Dec 26, 2011

Finding great talent in the not-so-usual way

I recently came across reference to George Anders' book "The Rare Find" first by a video talk my friend Gaurav Mishra shared on Facebook and then coming across the review of the book on HRExaminer and an interview of George by Daniel Pink. I then discovered that George was following me on Twitter too :-)

In the interview with Dan Pink he shares the way recruiters normally get it wrong. 
You need resilience to be a great CEO, a great teacher, soldier, investor, etc., etc. But when we hire, we’re taught to regard setbacks — regardless of what came next — as flaws in a candidate. So when we prepare our own resumes, we hide our stumbles. That’s wrong! We should cherish people who have extricated themselves from trouble in the past.
Find the frontier. If you want to be extraordinary, restlessness is a virtue. It’s also a great traveling companion for resilience; if you can combine the two of them, your chances of finding society’s greatest opportunities in any particular decade are huge. Hang out with people just as driven and passionate as you. The great hotbeds of talent are self-sustaining because competitive internal friendships guide rapid progress. When in doubt, come back to autonomy, mastery and purpose.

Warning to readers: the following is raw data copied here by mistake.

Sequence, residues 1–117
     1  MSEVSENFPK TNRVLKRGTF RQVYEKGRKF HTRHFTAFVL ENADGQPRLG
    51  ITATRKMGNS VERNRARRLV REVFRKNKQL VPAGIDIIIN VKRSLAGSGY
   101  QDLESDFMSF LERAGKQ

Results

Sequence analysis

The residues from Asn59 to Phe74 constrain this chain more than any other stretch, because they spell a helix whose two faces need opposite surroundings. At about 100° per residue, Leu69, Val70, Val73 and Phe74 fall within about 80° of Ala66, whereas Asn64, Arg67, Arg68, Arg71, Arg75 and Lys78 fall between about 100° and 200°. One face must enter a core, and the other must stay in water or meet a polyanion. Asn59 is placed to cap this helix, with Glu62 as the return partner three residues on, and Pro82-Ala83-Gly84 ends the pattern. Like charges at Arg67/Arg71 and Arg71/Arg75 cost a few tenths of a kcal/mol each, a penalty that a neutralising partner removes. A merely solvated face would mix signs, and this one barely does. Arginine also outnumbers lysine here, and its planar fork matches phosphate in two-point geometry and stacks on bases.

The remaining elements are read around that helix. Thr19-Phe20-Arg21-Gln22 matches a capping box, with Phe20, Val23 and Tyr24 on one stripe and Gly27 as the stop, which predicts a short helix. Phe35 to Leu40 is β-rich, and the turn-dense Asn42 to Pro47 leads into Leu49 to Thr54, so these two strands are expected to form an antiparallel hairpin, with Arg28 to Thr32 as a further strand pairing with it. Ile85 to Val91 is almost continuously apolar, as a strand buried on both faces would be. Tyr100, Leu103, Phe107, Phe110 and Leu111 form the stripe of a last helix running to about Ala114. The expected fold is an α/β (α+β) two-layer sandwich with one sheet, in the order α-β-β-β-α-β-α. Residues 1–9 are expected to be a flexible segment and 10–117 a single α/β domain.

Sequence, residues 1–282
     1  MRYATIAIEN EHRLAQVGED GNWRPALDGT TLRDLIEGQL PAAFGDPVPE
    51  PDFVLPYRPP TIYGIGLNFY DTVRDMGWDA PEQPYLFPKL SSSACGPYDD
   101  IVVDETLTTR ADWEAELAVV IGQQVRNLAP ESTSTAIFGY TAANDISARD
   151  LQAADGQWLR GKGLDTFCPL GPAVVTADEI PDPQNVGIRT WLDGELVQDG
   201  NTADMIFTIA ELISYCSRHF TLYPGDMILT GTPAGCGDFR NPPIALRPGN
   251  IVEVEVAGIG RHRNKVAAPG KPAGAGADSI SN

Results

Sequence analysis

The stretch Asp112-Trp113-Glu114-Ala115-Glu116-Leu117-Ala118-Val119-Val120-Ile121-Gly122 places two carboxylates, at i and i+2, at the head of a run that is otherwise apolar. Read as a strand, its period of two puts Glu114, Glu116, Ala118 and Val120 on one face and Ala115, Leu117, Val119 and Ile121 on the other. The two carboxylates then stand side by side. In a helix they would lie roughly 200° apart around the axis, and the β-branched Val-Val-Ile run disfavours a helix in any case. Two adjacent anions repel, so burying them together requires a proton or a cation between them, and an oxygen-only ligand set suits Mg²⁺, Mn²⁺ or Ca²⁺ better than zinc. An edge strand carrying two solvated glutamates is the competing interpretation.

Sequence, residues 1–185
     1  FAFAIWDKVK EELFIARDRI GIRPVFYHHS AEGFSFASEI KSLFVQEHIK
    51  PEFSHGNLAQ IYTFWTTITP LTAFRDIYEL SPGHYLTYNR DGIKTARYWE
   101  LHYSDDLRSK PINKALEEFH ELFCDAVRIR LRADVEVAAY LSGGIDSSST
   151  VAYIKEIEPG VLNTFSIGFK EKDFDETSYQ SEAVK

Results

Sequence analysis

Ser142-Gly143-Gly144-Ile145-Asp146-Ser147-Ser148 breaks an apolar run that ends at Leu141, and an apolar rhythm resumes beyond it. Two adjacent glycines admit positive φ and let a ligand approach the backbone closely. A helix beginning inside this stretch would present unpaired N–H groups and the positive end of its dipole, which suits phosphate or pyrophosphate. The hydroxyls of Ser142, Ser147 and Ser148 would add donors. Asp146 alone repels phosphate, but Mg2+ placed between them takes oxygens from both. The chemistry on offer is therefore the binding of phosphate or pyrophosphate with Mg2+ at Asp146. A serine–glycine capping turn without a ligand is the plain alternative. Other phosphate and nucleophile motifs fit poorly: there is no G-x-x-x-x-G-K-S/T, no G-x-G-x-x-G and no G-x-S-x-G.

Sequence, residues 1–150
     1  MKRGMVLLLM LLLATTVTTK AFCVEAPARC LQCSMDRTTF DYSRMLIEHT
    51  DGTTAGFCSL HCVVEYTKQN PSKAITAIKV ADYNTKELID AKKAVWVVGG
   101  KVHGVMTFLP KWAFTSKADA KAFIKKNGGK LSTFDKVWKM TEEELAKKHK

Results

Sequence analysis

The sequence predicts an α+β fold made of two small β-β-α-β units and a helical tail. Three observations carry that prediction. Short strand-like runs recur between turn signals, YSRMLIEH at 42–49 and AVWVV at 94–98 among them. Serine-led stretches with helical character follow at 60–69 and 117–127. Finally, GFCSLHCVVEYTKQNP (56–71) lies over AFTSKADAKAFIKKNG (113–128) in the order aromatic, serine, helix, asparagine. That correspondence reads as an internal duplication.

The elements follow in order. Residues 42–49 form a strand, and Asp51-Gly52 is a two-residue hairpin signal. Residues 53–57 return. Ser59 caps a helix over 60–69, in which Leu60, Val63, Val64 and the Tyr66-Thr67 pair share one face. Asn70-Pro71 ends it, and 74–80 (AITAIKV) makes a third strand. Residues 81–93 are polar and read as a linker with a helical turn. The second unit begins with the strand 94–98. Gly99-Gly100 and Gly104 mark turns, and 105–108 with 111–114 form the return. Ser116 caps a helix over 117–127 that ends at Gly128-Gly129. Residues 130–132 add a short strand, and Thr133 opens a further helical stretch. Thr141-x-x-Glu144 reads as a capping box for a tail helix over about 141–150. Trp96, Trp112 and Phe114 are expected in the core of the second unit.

Personally, I think the greatest recruiters are the hiring managers. In certain industries the real talent scouts are people who have done the job, and so they know exceptional talent when they see it. Talent is also demonstrated in "doing" rather than interviewing. Of course, as he says for some jobs like coding software or writing it is possible to look at the results before you select them. How do you do it for other jobs?